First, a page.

“We’re trying at all times to anticipate very large trends, such as the rise of China, the impact that China will have on the world, on the world’s economy, and on the world’s ecology, and what the technological response would be to those very large trends,” he explains.

The company can then look at the periodic table of elements, he says, and see which ones are more or less attractive, and by implication, which minerals are more or less attractive.

“We’re really very deeply concerned with electricity, we’re interested in how it’s generated, how that energy will be stored, [and] how that energy will be used to drive automobiles, trucks, buses, trams, mass transportation, and that has a direct impact on nearly 60% of global-warming gasses, hydrocarbon consumption and urban air pollution,” he says. “But we are more focused on the air pollution problem, even though that does have a beneficial impact on the larger, longer-term and more abstract problem of global warming.”

Toxic air is one of the world’s most serious problems, and sickens more people than anything else, he says, while causing roughly US$5 trillion annually in economic damage. He points to growing asthma in children and cites research published in The Lancet, a peer-reviewed medical journal in the U.K., which suggests there is a link between air pollution and dementia.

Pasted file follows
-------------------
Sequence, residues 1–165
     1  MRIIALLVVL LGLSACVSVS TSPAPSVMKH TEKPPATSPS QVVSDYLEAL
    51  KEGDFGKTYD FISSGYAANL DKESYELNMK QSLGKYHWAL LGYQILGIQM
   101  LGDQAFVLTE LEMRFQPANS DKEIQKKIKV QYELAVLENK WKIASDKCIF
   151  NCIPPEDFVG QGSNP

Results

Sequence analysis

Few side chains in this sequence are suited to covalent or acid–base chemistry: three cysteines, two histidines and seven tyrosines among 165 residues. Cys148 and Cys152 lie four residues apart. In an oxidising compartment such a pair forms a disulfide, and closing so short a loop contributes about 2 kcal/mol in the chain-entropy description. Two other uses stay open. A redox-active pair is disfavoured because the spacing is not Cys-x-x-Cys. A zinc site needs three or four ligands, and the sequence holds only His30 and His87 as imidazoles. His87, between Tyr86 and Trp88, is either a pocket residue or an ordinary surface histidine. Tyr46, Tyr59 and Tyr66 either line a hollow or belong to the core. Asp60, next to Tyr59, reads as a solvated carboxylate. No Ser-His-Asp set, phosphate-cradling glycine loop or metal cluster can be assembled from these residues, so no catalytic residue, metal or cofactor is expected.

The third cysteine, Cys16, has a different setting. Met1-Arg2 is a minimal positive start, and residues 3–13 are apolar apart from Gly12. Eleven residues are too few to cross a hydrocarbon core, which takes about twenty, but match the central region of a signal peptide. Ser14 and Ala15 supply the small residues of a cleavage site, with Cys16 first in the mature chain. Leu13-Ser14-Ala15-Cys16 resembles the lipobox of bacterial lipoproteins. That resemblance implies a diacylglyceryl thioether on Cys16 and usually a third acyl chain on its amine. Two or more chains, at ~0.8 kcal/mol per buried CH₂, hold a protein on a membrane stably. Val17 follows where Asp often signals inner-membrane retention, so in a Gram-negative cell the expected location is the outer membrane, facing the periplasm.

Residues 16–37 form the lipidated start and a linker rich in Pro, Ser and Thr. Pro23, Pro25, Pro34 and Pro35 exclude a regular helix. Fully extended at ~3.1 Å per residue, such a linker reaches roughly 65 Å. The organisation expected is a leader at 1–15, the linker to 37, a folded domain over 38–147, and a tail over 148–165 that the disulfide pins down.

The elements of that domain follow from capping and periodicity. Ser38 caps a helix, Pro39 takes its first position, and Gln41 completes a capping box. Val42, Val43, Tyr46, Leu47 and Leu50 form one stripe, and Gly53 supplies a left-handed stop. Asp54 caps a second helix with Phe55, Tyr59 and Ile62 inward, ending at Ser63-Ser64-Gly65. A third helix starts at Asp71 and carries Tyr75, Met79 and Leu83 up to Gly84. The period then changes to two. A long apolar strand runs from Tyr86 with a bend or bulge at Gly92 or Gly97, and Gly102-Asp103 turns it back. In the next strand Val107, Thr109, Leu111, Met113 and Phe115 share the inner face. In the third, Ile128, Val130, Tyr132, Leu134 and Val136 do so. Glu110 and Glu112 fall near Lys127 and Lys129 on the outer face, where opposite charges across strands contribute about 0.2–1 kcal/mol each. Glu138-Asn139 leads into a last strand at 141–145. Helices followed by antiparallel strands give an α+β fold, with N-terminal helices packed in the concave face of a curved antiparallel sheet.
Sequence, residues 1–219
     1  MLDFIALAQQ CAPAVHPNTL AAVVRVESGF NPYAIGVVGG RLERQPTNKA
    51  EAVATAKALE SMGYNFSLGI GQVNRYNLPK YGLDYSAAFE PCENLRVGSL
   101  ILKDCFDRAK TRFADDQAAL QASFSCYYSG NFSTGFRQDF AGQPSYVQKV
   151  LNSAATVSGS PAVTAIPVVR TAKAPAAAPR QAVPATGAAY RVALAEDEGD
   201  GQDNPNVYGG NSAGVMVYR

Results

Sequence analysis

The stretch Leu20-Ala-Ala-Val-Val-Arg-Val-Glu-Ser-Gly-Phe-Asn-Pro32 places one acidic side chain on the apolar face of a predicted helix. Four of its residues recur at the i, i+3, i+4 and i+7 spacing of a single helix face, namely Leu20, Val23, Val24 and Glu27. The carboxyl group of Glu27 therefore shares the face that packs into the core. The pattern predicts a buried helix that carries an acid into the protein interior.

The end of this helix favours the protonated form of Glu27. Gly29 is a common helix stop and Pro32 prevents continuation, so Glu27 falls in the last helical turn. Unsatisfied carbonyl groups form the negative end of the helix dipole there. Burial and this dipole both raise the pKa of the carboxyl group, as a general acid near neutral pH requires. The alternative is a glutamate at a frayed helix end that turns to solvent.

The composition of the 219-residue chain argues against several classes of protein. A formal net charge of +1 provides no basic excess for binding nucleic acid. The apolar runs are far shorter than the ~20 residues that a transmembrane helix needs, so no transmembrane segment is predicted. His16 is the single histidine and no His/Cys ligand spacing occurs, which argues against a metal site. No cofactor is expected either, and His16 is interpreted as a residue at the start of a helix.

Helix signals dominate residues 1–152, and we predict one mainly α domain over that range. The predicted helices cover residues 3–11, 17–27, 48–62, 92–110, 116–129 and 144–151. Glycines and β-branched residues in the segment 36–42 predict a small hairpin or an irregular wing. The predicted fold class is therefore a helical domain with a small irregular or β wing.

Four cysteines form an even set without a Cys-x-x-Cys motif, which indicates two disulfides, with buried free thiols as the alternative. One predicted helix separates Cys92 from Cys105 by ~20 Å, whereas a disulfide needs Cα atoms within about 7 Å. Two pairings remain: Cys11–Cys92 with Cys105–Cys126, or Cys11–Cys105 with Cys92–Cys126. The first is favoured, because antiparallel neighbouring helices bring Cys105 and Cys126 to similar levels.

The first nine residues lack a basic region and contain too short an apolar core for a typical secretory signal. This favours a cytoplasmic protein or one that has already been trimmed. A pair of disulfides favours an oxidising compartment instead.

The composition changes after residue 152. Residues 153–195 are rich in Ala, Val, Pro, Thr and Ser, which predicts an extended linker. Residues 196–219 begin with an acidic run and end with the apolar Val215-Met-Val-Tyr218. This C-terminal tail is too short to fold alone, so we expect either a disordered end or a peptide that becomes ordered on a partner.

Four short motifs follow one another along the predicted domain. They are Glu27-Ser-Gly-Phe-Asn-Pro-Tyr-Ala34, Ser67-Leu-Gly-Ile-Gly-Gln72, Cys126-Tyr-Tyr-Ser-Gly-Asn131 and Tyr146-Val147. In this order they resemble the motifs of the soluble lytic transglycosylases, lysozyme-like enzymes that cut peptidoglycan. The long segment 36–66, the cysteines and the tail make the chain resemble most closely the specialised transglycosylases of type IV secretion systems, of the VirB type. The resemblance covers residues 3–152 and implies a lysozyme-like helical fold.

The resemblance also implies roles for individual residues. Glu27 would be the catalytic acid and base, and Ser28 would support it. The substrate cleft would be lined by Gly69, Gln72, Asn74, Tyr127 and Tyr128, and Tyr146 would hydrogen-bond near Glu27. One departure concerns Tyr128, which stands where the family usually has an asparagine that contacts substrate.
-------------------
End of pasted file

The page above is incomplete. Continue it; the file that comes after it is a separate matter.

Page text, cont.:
In China, one of the world’s most polluted countries, the sub-2.5-micron fine-grained particulates related to exhaust from cars, buses and trucks, have put the Chinese leadership on edge, he says.

“When you get urban air pollution in China, [and] the sub-2.5-micron particulates get to 300, 400, 500, 600, 700 points, which is anywhere from 10 to 40 times higher than the highest allowable standards by the World Health Organization, people in China complain about it,” he says.

“Governments that monitor their population through social media understand that one of the biggest causes of unrest or unhappiness in their own populations, or dissatisfaction with their governments, is urban air pollution, because everybody breathes the same air.”

Polluted air, he maintains, “is going to engender a societal response and by anticipating that response, we can anticipate where technology is going and where certain raw materials will be required to deal with that response.”

One obvious response is the electric car and the wholesale electrification of the entire transportation industry.

As he puts it: “We believe the electrification of the world economy is inevitable.”

In addition, Friedland believes that the next wave of government fiscal stimulus will be channeled into problems associated with global warming, the modification of electrical grids, and cleaning the air.

The central banks “have pretty much exhausted the limitations of monetary policy,” he argues, and while they have made money, to a greater or lesser degree, free, another round of fiscal stimulation, or deficit spending, will be required.